What is the fascination in Australian rugby where the scrumhalf’s default play near his own 22 is the aimless box kick down the blind side to an uncontested catcher? I honestly don’t get this.
And for something they use so often, why are they still rubbish at it?
It reminds me a lot of the classic house red down at your local, actually. No-one’s really sure where it came from, it’s been around way too long to get rid of now, and it rarely leaves anything other than a horrible taste in your mouth.
This all started on Friday night.
In the first ten minutes of the game against the Chiefs in Tauranga, Brumbies scrumhalf Ian Prior put up two box kicks, both from outside his 22, but neither of them getting much further up field than the halfway line.
Both kicks had plenty of height; that wasn’t the problem.
The problem was that apart from Prior, no-one knew they were coming. The result, as it so often is for Australian number nines, was the Chiefs got an uncontested catch both times, and both times they were rapidly back in Brumbies territory on the front foot.
It is just a dumb, nothing play. It’s the sort of play that makes you wonder why flat screen TVs don’t have something to protect them from hurled objects.
Fortunately, Prior put the box kick back in the rack for the rest of his night, and actually played quite well in his run-on debut. However, that wasn’t the last we’d see of the box kick, and the next time would have major consequences.
With a touch over three minutes left on the clock, and with the score locked at 22 apiece, replacement scrum half Nic White felt the urge.
From about 35m out from his own line, White peered up like a meerkat, spied an opportunity down the blind side, and unleashed the box kick. Into touch on the full.
The Chiefs fluffed the resulting lineout from their own throw, somehow got the ball back in the scrap, and worked about ten phases toward the posts with Aaron Cruden sitting back in the pocket.
From there, they worked another four phases to the corner while ignoring Cruden (or were they – was it a set play?), fired a couple of passes, and outside centre Jackson Willison duly dived low into the corner for the match-winning try. Cruden converted to give the Chiefs the 29-22 win.
In the aftermath of the game, White could be seen on his own, cursing to himself and generally looking for cans to kick into the gutter. He must know that an authoritative South African voice is going to approach him soon, calmly but ominously suggesting, “We need to do some work on your box kick…”
One of the best exponents of the box kick is Springbok number nine Fourie du Preez. But du Preez picked his moments far better than any of his Australian counterparts.
Usually, du Preez would wait until he had Bryan Habana stationed down the short side for the chase, and he’d weight the kick to perfectly coincide its landing for the arrival of Habana. Australian halfbacks rarely even have a chaser after their kicks, never mind them being well-weighted.
In Sydney on Saturday night, Sarel Pretorius proved that New South Wales haven’t quite been able to wash all the Luke Burgess out of the number nine jersey yet. Numerous times Pretorius was guilty of the pointless box kick, and it surely played a part in the less than flattering reaction from the Sydney Football Stadium crowd on full-time.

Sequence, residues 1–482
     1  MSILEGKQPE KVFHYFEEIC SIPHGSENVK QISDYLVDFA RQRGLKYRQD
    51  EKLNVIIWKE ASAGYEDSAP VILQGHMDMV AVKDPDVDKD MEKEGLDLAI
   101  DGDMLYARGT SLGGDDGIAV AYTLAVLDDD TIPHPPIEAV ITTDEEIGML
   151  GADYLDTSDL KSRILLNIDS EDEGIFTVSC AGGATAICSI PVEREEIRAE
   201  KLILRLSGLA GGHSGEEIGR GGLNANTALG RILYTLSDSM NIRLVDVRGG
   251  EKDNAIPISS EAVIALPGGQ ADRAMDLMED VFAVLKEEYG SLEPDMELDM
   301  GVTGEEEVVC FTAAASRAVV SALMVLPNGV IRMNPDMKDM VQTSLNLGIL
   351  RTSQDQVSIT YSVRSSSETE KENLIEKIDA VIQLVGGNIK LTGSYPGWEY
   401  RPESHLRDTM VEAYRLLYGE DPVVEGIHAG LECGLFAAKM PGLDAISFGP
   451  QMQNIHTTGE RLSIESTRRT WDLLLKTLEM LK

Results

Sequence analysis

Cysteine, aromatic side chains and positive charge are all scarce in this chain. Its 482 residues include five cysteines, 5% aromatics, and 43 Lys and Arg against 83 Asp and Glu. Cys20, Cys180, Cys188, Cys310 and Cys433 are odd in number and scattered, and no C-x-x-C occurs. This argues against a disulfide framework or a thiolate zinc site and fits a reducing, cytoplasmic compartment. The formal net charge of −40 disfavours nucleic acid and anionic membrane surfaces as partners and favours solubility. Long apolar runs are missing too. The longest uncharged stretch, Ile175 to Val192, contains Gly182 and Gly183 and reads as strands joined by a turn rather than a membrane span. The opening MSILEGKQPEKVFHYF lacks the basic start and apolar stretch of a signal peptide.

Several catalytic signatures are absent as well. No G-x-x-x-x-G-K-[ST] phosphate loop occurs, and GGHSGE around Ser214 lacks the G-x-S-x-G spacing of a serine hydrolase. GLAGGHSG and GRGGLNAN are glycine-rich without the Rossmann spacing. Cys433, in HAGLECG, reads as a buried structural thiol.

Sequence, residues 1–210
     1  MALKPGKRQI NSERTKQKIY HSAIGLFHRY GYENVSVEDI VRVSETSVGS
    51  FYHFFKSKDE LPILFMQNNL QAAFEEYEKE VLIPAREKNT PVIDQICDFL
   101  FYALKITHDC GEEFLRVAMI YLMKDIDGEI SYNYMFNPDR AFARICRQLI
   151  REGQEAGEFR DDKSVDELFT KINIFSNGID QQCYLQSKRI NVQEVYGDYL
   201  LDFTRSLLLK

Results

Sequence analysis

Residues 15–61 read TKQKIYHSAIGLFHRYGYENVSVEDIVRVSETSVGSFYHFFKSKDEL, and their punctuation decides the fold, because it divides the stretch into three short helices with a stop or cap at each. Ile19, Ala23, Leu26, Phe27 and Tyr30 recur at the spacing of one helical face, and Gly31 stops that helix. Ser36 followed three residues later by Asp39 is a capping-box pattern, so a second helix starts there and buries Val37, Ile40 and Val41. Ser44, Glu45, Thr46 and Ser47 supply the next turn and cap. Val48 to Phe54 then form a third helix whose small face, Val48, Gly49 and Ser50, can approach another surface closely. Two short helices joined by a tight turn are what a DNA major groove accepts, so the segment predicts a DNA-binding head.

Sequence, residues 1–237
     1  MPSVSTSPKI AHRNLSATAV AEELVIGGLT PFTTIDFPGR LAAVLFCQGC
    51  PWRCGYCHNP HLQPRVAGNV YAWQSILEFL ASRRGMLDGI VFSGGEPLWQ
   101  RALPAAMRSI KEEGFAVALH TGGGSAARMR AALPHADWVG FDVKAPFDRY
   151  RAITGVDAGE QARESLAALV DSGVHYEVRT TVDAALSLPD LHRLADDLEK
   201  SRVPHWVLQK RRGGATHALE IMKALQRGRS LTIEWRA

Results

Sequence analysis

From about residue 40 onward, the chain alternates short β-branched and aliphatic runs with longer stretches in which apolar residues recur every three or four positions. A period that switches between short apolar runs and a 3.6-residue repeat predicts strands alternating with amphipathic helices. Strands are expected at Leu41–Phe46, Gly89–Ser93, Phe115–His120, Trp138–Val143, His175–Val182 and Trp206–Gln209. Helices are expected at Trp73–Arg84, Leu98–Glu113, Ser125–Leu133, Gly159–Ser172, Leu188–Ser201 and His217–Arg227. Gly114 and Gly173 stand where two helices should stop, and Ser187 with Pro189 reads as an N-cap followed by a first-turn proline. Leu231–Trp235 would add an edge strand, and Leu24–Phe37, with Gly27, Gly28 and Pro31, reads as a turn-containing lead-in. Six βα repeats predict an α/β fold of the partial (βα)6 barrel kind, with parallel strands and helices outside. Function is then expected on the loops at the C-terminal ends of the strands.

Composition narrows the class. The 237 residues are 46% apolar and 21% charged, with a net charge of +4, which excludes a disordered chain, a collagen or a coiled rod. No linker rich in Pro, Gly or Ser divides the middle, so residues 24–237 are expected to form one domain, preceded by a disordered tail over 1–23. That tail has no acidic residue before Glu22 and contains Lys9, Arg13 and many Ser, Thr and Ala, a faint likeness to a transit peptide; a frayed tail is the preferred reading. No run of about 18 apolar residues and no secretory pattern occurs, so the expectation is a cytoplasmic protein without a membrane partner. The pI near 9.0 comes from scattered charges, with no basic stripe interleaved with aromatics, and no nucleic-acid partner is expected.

The classic – but far from the last – example came midway through the first half, when after the Western Force had piled up well over ten phases. The Waratahs had less than a quarter of the game’s possession to that point when Pretorius took the ball from a turnover and kicked it straight back to the Force. It was truly kicking for kicking’s sake.
Surprisingly, Brett Sheehan used the box kick quite effectively, by contrast. Like every modern-day scrumhalf before him and since at the Waratahs, Sheehan used to box kick himself (and supporters) crazy when he wore sky blue.
On Saturday night, however, Sheehan very cleverly saved it exclusively for when he had Alfie Mafi to his left down the short side, and the two of them timed their respective kick and chase to perfection all night. I never imagined ever saying this, but perhaps Australian scrumhalves can learn something from Brett Sheehan.
Will Genia used the box kick quite sparingly in Durban against the Sharks, considering the weather, and in general, this seems to be the way he plays for the Reds.
Yet for no obvious reason, he consistently morphs into a compulsive box-kicking monster when he dons a Wallaby jersey. I assume it’s just a default setting when the team is on the back foot, but whatever the case, Genia is just as guilty at the futile box kick to no-one as any other Australian nine Sometimes he’s the worst offender.
Richard Kingi did his bit for the box kickers union too. With the first half done on Sunday, and with the referee just waiting to blow time at the Stockade, the Rebels had maintained possession for seven or eight phases.
Suddenly, Kingi pushed Cooper Vuna away and promptly kicked over the ruck and covering Cheetahs defenders. The Cheetahs calmly picked up possession again, and booted the ball out of play.
The Rebels were down by ten points at the time, but had finished the first half well. They were even making their way into the Cheetahs territory gradually. But Kingi killed off any chance of even snaring a drop goal, let alone a possibly kickable penalty. When you’re controlling the play in this scenario, why would you give the ball away?
I go back to my opening statement: I just don’t get it. If our players talk about wanting to ‘play some rugby’ so regularly, why is the opportunity to do so handed away so often?
As I said up the top, the box kick can be a good option when executed well. However, it happens so rarely in Australian rugby these days that maybe the best option is to just leave it in the dressing room.
And either way, if we can all see it’s not working, why can’t the coaches see it as well?